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    Volume 9 Issue 24| June 11, 2010|

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Stories from the Hill Tracts

Samia A Rahim

The complete control over one's story is what makes Digital Stories so unique and powerful.

It was a sweltering evening in Rangamati at the Ashika Training Centre on April 22 as people rushed to put final touches on their “films” while we prepared to screen all the Digital Stories that were created at the five-day Digital Story-Telling Workshop. Some participants were still adding music to their stories, while others were putting in titles and credits to their films. Finally, all the Digitals Stories were ready to be screened and the lights went out, and participants and their friends and relatives took seats to watch the fruits of labour over the past five days. As each Digital Story was projected on the big screen, the auditorium filled with the voice of the individual participant narrating her story and the only thing that one could occasionally hear besides the lilting of words and emotions, was the muffled crying from among the audience. The anxiety of having one's personal story project in front of a room full of strangers- stories that one may never had had the opportunity to express before- and hearing one's own voice reign in the room was, for most participants, overwhelming.

Digital Stories, which are part oral history and part personal archiving, are 2-3 minute “films” that participants make to record experiences of their lives in their own words, voices and perspectives. These “films” are actually multimedia presentations that involved participants narrating scripts that they have written which are then matched with personal images and drawings. Music is added to provide a soundtrack to participants' stories, along with a title and credits, to complete the Digital Story. Participants use computers to combine the different elements of their story. Digital Stories are different from other mediums of story-telling (documentaries, film, radio) in that the story-teller is in complete charge of the editing process- the participant herself chooses what to say, how to say it, what images to include to represent their words and what to leave out. This complete control over one's own story is what makes Digital Stories so unique and powerful.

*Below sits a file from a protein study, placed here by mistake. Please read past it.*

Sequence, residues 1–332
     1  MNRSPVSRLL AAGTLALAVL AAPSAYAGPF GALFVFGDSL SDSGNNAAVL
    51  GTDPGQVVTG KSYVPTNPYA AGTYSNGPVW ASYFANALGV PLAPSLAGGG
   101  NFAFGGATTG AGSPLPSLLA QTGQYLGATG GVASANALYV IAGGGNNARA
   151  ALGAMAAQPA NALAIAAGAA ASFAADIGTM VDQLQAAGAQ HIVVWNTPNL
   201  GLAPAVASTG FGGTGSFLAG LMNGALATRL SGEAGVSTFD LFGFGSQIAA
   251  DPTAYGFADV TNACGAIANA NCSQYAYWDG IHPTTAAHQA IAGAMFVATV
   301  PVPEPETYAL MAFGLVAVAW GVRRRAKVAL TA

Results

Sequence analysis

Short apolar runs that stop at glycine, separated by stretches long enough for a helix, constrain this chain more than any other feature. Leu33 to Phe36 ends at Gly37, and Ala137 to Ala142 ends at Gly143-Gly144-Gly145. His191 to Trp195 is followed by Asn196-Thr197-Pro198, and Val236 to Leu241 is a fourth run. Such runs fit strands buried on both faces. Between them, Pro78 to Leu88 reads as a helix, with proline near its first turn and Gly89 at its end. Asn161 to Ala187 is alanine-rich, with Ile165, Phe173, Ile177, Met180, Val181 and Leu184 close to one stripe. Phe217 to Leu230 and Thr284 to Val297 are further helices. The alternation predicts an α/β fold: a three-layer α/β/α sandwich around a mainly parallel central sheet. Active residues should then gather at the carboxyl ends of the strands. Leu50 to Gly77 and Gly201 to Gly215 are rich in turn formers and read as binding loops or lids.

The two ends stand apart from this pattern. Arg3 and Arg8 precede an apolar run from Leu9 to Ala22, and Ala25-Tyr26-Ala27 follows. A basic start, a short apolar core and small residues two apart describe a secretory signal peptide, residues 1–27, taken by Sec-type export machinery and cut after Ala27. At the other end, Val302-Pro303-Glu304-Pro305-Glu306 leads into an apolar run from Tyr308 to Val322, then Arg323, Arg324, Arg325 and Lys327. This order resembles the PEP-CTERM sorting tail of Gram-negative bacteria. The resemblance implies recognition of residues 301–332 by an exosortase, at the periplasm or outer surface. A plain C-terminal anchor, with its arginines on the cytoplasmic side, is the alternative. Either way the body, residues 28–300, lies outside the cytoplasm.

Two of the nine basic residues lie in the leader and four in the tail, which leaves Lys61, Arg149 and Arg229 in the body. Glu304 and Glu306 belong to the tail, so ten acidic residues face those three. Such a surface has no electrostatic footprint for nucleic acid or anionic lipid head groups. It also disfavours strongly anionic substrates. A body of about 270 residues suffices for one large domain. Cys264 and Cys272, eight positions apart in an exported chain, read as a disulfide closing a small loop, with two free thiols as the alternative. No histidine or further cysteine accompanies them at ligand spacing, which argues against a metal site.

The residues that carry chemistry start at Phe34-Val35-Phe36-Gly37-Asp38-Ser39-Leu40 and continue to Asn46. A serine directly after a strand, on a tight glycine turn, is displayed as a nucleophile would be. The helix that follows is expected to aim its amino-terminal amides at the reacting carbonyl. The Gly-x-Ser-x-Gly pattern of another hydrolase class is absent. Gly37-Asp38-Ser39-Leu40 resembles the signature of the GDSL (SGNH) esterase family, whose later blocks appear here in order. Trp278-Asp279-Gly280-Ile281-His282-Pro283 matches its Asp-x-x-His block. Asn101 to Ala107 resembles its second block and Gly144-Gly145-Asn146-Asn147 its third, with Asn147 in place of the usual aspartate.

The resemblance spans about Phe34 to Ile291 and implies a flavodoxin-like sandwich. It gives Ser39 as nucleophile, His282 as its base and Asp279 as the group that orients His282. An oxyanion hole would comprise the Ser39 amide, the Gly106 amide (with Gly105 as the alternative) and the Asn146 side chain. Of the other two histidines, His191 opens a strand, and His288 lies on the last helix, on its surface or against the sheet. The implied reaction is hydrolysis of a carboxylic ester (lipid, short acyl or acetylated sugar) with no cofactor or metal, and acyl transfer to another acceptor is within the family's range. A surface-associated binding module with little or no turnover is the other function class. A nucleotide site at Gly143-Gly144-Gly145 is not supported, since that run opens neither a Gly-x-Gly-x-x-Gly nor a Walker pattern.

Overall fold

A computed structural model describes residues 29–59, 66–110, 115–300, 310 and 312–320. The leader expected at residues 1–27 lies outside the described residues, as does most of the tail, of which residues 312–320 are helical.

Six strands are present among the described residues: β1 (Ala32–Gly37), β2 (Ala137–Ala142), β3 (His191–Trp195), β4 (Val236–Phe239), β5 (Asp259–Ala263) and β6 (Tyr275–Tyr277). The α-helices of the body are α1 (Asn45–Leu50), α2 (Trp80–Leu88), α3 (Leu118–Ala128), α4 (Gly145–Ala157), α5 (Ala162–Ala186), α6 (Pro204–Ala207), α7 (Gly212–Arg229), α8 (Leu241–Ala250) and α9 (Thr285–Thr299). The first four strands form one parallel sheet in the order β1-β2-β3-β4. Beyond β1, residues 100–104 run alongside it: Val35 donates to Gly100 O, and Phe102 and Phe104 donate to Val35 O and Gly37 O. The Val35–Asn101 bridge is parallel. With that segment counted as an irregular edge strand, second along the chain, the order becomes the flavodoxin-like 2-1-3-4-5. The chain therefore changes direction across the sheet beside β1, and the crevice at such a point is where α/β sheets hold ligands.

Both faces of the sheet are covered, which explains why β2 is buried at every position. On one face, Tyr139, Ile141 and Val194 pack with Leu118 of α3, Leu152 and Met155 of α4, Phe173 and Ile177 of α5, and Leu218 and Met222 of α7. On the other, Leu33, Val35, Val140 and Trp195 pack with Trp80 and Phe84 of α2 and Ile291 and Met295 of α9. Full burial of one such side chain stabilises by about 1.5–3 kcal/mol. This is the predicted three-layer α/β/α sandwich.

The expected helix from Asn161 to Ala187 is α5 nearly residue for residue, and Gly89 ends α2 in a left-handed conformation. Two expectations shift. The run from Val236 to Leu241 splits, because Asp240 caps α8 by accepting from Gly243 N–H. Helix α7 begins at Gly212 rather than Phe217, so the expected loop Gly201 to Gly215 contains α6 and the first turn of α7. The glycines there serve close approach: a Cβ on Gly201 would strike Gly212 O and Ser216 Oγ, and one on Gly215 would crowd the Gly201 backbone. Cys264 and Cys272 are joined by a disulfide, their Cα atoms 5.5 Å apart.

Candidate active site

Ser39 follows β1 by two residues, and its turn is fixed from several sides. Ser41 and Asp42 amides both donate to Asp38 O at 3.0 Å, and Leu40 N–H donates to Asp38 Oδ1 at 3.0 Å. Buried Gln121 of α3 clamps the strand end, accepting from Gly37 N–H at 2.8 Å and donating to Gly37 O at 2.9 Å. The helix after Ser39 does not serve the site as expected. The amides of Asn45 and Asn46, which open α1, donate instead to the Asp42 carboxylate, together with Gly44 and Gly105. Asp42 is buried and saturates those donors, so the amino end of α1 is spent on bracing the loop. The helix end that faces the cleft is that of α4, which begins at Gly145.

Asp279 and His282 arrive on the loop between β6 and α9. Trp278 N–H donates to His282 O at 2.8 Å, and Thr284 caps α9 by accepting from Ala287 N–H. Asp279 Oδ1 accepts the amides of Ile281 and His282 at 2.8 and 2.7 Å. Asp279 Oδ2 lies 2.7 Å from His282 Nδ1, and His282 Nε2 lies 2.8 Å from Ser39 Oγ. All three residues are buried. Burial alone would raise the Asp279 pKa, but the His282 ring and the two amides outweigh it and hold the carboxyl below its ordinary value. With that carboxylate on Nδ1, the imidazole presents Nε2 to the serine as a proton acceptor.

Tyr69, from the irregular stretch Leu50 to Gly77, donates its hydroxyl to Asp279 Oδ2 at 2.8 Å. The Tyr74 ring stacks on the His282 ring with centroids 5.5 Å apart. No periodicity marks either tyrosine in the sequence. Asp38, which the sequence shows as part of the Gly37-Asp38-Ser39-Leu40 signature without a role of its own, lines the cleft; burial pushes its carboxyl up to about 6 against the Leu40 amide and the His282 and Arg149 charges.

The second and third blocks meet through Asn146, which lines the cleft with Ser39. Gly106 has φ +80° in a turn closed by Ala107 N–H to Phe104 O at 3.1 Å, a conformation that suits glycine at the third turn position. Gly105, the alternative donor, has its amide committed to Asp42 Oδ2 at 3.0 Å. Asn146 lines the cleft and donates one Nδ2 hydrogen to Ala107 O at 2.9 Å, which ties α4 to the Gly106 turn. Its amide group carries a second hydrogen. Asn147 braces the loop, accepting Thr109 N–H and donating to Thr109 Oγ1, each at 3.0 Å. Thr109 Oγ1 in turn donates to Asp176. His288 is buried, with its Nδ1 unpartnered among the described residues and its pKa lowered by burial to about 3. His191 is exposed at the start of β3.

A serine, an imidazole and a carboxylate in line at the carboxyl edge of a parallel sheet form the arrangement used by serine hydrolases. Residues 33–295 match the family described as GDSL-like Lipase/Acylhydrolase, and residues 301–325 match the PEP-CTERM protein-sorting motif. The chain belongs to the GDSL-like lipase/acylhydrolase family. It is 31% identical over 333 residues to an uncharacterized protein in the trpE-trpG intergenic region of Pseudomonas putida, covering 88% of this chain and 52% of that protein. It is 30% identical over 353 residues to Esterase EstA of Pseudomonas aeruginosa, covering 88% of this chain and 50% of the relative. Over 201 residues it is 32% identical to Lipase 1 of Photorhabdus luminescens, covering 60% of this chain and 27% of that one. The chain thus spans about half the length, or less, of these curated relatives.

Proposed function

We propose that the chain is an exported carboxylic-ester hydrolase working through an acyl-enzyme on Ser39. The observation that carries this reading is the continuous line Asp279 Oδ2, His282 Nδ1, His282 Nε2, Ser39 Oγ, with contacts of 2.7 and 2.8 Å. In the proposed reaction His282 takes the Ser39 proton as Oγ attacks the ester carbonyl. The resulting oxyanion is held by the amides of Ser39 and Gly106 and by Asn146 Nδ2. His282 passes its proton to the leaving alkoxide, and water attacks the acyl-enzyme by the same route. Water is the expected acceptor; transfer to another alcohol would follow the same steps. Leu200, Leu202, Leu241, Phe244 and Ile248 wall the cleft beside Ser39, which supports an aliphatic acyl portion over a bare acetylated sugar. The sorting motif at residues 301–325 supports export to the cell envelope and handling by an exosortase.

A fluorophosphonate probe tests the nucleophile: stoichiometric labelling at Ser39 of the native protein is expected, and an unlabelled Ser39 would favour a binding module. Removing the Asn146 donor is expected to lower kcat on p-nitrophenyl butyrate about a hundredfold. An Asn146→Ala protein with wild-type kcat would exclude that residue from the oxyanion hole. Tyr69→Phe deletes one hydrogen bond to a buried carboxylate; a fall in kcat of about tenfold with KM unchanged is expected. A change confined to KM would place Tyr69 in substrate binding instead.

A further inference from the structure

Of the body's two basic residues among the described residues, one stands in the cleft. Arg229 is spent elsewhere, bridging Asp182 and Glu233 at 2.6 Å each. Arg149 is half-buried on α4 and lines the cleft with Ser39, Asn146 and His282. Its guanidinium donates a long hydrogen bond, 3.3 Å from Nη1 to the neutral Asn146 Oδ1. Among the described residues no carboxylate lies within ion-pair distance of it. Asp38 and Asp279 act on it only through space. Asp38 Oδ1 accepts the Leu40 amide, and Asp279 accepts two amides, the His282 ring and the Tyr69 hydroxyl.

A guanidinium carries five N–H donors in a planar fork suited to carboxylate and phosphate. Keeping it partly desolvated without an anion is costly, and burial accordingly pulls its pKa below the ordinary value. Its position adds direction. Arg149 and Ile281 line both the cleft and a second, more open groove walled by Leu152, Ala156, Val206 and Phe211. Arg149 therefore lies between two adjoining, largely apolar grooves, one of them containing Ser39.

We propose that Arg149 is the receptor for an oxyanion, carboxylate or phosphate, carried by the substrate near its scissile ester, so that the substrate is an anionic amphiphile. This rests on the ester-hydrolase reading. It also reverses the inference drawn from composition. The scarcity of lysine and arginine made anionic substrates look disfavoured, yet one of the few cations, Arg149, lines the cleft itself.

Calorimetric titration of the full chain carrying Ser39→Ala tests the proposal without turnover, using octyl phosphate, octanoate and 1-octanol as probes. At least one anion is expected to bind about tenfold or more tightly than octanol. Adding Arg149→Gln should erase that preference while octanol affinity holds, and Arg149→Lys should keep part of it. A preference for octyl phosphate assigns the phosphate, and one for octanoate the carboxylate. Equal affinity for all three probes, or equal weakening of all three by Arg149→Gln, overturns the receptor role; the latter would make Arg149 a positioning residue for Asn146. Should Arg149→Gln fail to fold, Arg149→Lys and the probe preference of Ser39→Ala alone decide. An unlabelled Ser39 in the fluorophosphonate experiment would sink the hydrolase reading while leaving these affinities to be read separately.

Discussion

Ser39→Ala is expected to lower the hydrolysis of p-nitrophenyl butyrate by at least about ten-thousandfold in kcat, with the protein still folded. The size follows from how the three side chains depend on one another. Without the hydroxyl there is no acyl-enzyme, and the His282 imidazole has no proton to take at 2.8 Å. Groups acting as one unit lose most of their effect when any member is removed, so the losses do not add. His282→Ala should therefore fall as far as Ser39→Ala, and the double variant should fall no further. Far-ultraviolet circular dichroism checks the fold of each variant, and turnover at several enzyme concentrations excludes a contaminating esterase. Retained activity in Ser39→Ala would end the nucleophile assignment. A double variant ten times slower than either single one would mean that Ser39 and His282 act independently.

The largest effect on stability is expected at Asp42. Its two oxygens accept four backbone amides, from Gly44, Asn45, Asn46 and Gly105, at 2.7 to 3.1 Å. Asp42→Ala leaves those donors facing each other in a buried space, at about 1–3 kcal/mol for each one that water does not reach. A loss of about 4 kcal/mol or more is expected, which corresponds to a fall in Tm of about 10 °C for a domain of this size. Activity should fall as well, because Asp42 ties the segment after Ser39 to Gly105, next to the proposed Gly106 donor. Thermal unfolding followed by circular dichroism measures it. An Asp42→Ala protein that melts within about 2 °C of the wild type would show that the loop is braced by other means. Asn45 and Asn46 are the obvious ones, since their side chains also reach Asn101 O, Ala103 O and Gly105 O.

As we watched one Digital Story after another, the accounts of struggle, identity, change, success and survival narrated by the Hill women provided a rich repository of stories chronicling the Chittagong Hill Tracts. The participants' narratives ranged from relating the experiences of working for women's rights and of learning to sing and perform despite protests from their community to the trials of running a business. A prominent trait of their stories was that the obstacles faced by some of the women because of being women were compounded by their ethnic identity and its marginalisation in society.

Partipants Mull Over How To Write Their Stories.

It was interesting that most of the Digital Stories created brought up the issue of marriage - participants related how some of them had gotten married early, how they struggled to study after their marriage and after having children, and the unhappy marriages that some of their parents had. Marriage was seen as a challenge, a milestone and as a rite of passage. In most cases, the fears with which some of the participants entered into marriage were replaced by the strengths they drew from it.

Motherhood too came up in many stories. Many of the participants mentioned the tremendous joy they felt in becoming a mother, while a few also stated that raising a family was accompanied by the worry about whether they could juggle the different priorities they had.

Education was a prominent theme in the Digital Stories. In “Amar Shukhmoi Jibon” (My Happy Life), the participant, who happens to be the only woman in her community to have attended university, describes eloquently the social barriers she faced in her endeavours to seek formal education. She secured good results in her HSC exams, but to her devastation, her family put a stop to her studies. They feared that the increased knowledge would change her manners and behaviour and that she would end up marrying an outsider as there would be no eligible members in the Khiyang community to marry her. Her studies were halted for a long period until a benefactor sponsored her education and enabled her to earn a Bachelor's degree. She now lives and works for her community and is respected by her elders. She feels that she has proven that receiving higher education does not mean that people will leave their roots but rather will help it thrive. This participant's personal struggle for education, also revealed the circumstance of her community- dwindling in numbers and struggling to exist in a society where their culture and heritage is not given due recognition. Pursuing education is contentious precisely because Adivasi languages, cultures and traditions are not included in mainstream or regional curriculum and therefore seeking education seems superfluous and is seen as stepping away from one's heritage.